FOR THE FIRST time in three decades, the Supreme Court is likely to consider whether federal law enforcement officers must continue reading criminal suspects their rights upon arrest.
Although criticized, the mandate should not be overturned.
It has improved law enforcement and provided clear standards to strengthen criminal court cases. Defendants have a tough time getting confessions ruled invalid after they have been advised of their rights to remain silent and to have a lawyer. Without those required warnings, courts could face more and longer hearings to determine whether confessions are admissible.
The Warren Court's ruling in Miranda vs. Arizona has stood as the law of the land since 1966, although Congress passed legislation two years later that sought to void the decision. Now, a three-judge panel of the 4th U.S. Circuit Court of Appeals has given new life to the federal law, ruling 2-1 that confessions made before suspects were advised of their rights may be admissible in federal trials.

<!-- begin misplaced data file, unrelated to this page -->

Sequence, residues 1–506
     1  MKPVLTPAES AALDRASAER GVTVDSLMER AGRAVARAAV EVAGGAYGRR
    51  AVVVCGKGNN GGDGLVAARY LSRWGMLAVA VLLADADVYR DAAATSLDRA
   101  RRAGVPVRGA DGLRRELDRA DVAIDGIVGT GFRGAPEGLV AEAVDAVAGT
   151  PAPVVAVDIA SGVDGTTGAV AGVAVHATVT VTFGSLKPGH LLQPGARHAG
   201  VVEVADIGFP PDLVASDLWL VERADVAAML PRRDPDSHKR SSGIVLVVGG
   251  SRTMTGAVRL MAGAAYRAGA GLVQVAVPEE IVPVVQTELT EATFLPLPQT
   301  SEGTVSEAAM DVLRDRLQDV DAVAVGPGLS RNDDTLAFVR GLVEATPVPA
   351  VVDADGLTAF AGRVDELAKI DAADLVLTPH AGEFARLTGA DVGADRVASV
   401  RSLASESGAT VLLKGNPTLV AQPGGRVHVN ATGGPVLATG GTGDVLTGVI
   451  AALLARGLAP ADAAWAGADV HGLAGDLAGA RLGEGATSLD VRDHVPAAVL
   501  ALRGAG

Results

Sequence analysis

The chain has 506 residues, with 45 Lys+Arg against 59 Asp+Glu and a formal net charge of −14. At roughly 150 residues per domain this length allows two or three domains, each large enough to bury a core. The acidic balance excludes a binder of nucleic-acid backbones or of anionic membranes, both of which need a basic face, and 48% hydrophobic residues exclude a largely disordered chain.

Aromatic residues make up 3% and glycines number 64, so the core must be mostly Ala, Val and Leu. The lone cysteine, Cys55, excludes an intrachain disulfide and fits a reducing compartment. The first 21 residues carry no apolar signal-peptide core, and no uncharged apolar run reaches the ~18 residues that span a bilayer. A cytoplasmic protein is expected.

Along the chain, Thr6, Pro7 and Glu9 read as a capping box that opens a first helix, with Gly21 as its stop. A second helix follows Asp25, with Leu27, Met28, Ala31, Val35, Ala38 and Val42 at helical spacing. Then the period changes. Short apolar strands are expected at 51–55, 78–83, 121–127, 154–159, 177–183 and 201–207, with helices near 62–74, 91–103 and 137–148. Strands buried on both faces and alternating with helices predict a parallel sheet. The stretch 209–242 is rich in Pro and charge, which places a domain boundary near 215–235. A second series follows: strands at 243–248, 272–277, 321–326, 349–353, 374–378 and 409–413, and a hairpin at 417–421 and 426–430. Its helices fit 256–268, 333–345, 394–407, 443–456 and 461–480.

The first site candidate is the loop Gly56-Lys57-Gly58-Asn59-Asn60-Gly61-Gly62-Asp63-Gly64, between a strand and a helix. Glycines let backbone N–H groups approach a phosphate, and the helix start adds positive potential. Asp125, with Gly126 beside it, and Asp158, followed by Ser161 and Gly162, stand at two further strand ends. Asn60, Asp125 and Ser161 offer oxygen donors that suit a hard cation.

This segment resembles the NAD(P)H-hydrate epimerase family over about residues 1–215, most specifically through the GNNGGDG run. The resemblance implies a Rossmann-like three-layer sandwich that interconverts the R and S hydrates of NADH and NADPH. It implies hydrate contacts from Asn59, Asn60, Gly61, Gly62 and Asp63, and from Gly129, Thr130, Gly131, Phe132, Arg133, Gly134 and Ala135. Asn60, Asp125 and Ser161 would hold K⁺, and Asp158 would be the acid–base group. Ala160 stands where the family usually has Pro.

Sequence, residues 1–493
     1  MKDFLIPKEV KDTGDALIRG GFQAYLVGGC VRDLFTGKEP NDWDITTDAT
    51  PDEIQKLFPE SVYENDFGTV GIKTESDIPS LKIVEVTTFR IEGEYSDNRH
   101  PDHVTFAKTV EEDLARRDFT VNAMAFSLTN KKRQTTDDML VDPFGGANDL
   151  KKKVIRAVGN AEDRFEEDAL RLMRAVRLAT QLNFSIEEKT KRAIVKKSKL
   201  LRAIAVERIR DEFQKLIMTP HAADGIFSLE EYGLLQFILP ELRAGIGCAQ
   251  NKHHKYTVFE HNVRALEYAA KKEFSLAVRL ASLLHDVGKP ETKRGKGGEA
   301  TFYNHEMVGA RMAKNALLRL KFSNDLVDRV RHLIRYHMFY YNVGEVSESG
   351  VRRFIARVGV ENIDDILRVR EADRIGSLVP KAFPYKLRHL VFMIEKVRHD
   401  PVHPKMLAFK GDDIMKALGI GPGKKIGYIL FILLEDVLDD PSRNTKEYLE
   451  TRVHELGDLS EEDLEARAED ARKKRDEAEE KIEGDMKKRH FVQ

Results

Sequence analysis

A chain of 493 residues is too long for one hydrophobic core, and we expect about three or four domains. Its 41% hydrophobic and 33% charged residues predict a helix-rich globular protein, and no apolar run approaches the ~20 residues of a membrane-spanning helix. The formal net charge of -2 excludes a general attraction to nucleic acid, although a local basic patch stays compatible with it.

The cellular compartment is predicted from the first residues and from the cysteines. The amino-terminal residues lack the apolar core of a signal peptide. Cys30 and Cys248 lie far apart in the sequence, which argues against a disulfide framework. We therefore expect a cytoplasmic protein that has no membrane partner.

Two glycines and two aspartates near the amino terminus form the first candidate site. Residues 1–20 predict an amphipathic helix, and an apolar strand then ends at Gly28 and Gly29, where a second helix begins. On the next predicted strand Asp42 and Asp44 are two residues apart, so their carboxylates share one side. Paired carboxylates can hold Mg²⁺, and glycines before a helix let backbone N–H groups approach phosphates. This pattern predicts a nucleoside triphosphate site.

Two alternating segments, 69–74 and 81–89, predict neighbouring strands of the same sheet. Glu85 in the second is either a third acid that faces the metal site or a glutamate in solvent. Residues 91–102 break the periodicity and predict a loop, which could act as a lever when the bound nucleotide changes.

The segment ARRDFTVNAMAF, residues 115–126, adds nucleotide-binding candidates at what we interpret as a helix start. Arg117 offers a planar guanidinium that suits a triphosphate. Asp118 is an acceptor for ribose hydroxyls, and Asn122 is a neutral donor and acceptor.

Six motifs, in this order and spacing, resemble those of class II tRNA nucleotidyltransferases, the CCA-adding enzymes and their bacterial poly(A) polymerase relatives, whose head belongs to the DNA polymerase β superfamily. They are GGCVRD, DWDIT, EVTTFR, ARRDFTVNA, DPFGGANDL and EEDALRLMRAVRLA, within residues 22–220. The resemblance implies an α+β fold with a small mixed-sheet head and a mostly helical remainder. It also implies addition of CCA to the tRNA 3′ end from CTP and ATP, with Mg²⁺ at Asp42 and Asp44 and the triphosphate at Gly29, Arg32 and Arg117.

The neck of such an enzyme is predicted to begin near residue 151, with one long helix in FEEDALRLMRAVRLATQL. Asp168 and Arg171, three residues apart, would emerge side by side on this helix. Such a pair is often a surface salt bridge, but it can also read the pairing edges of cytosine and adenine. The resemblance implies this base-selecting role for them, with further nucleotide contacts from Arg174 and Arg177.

The panel's ruling could be reviewed by the full appeals court before the case proceeds to the Supreme Court. Meanwhile, five states are affected by the decision, including Maryland, Virginia, North Carolina, South Carolina and West Virginia. Federal authorities wisely will continue reading Miranda rights.
Miranda was controversial from the start. Some believe it coddles criminals. But the criticisms ignore the mess that was pervasive in criminal trials before the ruling. Decisions about the admissibility of confessions were made on a case-by-case basis. This led to uneven justice.
Many police departments on their own had required officers to read suspects their rights, even before Miranda, to avoid squandering good confessions.
The courts should consider that reading suspects their rights is neither onerous nor unreasonable. While overturning Miranda might appear to crack down on criminals, its biggest impact could be to throw even more confusion into overburdened courts.
Pub Date: 2/20/99